According to a letter obtained by WIRED, a little-known surveillance program called Data Analytical Services (DAS) has been secretly collecting and analyzing more than a trillion domestic phone records within the U.S. each year. The program, which was formerly known as Hemisphere, is run by the telecom giant AT&T in coordination with federal, state and local law enforcement agencies.
The program uses a technique known as chain analysis, which targets not only those in direct phone contact with a criminal suspect but anyone with whom those individuals have been in contact as well. This means that innocent people who have no connection to any crime can have their phone records swept up and scrutinized by the authorities.
The program allows law enforcement agencies to access the records of any calls that use AT&T’s infrastructure, which covers a large portion of the country. The records include the phone numbers, dates, times, durations and locations of the calls, as well as the names and addresses of the subscribers.
The DAS program raises serious concerns about the privacy and civil liberties of millions of Americans. It operates without any judicial oversight or public accountability and violates the Fourth Amendment, which protects people from unreasonable searches and seizures.
The program also contradicts the spirit of the USA Freedom Act, which was passed in 2015 to reform the bulk collection of phone records by the National Security Agency (NSA).
The act required the NSA to stop collecting phone records in bulk and instead request them from the phone companies on a case-by-case basis with a court order.
However, the DAS program bypasses this requirement by allowing AT&T to collect and store the records for law enforcement purposes.
The DAS program is not widely known or understood by the public or the media. It has reportedly been operating for more than a decade, and it has received more than $6 million from the White House.
AT&T has declined to comment on the program, saying only that it is required by law to comply with a lawful subpoena. However, there is no law requiring AT&T to store decades’ worth of Americans’ call records for law enforcement purposes. In fact, AT&T has been voluntarily cooperating with the authorities and even training them on how to use the program.
The DAS program is funded by the White House’s Office of National Drug Control Policy (ONDCP) under a program called HIDTA, or “high-intensity drug trafficking area.” HIDTA is a designation assigned to 33 different regions of the U.S. where drug trafficking is considered to be a serious problem.
Former President Barack Obama reportedly suspended the funding for the program in 2013 after The New York Times exposed it for the first time. However, individual law enforcement agencies were allowed to continue contracting with AT&T directly to use the service.
Former President Donald Trump resumed the funding for the program in 2017 but halted it again in 2021. President Biden resumed the funding for the program in 2021 but has not commented on it publicly.
The DAS program has also been challenged by some lawmakers and activists, who have raised serious concerns about its legality and impact. Sen. Ron Wyden, D-Ore., who is a vocal critic of mass surveillance, has sent a letter to U.S. Attorney General Merrick Garland, urging him to investigate and review the program. Wyden has also received some “troubling information” from the Department of Justice, which he is forbidden from disclosing to the public, but which he says would “justifiably outrage many Americans and other members of Congress.”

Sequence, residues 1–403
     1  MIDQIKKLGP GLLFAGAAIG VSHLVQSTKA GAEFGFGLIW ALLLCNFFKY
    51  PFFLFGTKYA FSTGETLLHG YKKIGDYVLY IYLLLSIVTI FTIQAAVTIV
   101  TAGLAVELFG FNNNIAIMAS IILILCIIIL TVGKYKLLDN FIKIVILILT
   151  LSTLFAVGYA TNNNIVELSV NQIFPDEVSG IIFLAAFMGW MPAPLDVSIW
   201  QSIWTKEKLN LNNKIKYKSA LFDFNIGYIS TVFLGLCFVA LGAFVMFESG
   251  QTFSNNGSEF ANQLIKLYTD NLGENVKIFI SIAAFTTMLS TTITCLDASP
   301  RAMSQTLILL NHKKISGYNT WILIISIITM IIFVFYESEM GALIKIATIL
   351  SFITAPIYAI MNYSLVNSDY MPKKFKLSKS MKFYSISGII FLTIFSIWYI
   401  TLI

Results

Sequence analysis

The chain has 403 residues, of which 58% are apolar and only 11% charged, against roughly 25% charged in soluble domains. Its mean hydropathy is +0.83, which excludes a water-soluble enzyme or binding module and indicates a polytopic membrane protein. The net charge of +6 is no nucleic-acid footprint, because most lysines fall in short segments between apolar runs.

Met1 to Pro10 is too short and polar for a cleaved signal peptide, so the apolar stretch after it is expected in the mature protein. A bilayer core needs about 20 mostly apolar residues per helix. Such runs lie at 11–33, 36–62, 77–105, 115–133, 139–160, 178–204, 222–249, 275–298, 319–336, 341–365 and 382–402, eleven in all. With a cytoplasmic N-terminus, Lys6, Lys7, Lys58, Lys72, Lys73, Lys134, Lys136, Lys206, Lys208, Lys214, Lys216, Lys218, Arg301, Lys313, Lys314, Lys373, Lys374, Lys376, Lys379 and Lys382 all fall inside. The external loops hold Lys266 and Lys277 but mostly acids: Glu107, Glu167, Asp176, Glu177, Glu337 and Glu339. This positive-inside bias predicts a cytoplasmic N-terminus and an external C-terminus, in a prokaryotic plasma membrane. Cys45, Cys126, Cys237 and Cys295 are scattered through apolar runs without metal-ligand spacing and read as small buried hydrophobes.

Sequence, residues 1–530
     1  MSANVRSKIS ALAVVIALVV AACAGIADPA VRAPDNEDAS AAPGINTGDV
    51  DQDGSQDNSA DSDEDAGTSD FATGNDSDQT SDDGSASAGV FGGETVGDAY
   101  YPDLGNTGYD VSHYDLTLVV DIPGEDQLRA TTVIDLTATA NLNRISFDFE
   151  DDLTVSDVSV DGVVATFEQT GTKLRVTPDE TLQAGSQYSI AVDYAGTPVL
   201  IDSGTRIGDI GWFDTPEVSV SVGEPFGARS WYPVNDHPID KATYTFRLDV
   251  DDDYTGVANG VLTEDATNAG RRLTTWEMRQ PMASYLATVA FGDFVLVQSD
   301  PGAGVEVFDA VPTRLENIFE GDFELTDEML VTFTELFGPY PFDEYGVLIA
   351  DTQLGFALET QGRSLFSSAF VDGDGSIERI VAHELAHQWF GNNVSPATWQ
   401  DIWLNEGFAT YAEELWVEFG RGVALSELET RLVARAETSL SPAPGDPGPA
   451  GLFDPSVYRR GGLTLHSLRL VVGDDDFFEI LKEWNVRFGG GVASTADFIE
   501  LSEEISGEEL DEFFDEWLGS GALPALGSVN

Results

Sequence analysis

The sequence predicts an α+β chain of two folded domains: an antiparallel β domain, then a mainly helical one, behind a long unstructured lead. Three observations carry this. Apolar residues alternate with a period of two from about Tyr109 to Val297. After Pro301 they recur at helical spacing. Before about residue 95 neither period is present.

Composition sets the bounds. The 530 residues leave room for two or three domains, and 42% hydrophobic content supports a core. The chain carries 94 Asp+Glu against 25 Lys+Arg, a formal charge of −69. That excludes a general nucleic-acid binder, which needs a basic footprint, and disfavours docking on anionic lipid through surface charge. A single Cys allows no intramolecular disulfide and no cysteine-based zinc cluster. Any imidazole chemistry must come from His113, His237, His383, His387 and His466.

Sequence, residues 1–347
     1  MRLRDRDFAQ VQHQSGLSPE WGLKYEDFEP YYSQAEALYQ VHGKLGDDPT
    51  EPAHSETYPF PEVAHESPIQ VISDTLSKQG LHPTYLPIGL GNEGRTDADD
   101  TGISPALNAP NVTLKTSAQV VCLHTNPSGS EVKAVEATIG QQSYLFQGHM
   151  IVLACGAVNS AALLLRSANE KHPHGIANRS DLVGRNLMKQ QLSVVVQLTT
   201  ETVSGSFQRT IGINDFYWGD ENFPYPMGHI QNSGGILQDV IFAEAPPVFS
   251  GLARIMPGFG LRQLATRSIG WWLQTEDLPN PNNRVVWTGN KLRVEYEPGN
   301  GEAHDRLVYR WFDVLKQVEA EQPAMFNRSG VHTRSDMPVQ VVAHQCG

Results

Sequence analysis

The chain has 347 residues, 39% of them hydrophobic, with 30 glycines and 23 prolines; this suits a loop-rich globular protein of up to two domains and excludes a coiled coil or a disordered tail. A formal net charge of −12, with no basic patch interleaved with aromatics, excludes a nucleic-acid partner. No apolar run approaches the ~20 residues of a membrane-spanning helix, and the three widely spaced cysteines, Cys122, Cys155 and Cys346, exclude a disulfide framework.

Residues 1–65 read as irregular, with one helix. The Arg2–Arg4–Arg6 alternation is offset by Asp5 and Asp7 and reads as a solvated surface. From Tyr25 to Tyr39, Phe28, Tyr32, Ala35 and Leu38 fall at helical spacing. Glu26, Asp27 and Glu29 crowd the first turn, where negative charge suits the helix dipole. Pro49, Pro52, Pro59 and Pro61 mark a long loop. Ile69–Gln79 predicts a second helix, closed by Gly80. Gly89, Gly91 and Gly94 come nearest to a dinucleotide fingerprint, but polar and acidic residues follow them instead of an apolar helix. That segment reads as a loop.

There are some possible ways that you can protect yourself from phone surveillance. However, none of these methods are foolproof or guaranteed to work, and some of them may have drawbacks or limitations. Here are some of them:
Encryption: One way to protect the content of your phone calls is to use encryption, which scrambles the data so that only the intended recipient can decode it. There are some apps that offer end-to-end encryption for voice calls, such as Signal, WhatsApp or Telegram. However, encryption does not protect the metadata of your calls, such as phone numbers, dates, times, durations and locations, which can still be collected and analyzed by the DAS program. Encryption also depends on the trustworthiness and security of the app and its provider.
Use alternative communication methods: Another way to protect yourself from phone surveillance is to use alternative communication methods that do not rely on AT&T’s infrastructure or phone network. For example, you could use email, chat or video calls over the internet, or you could use a landline or a payphone. However, these methods may not be as convenient, reliable or accessible as using your own phone, and they may also have their own risks or vulnerabilities. For instance, email and chat may also be subject to surveillance or hacking, and landlines and payphones may also be tapped or traced.
Use privacy tools and practices: A third way to protect yourself from phone surveillance is to use privacy tools and practices that can help you reduce or hide your digital footprint and identity. For example, you could use a virtual private network (VPN), which can mask your IP address and location. It can also anonymize your online activity and traffic. However, these tools and practices may not be enough to protect you from the DAS program, which can still access your phone records and link them to your real identity through chain analysis or other methods.
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